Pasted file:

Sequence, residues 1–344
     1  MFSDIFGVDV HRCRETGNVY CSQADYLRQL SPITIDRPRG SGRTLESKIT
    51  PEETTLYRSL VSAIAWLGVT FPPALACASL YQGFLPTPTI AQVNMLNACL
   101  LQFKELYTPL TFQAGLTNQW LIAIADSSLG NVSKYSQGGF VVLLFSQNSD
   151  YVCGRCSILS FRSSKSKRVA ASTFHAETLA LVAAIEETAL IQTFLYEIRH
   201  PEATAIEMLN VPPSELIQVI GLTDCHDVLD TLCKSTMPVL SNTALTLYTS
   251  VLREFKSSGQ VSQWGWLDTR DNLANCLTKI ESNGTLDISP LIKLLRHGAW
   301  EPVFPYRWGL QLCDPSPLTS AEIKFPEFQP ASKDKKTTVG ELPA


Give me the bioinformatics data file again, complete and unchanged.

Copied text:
Sequence, residues 1–344
     1  MFSDIFGVDV HRCRETGNVY CSQADYLRQL SPITIDRPRG SGRTLESKIT
    51  PEETTLYRSL VSAIAWLGVT FPPALACASL YQGFLPTPTI AQVNMLNACL
   101  LQFKELYTPL TFQAGLTNQW LIAIADSSLG NVSKYSQGGF VVLLFSQNSD
   151  YVCGRCSILS FRSSKSKRVA ASTFHAETLA LVAAIEETAL IQTFLYEIRH
   201  PEATAIEMLN VPPSELIQVI GLTDCHDVLD TLCKSTMPVL SNTALTLYTS
   251  VLREFKSSGQ VSQWGWLDTR DNLANCLTKI ESNGTLDISP LIKLLRHGAW
   301  EPVFPYRWGL QLCDPSPLTS AEIKFPEFQP ASKDKKTTVG ELPA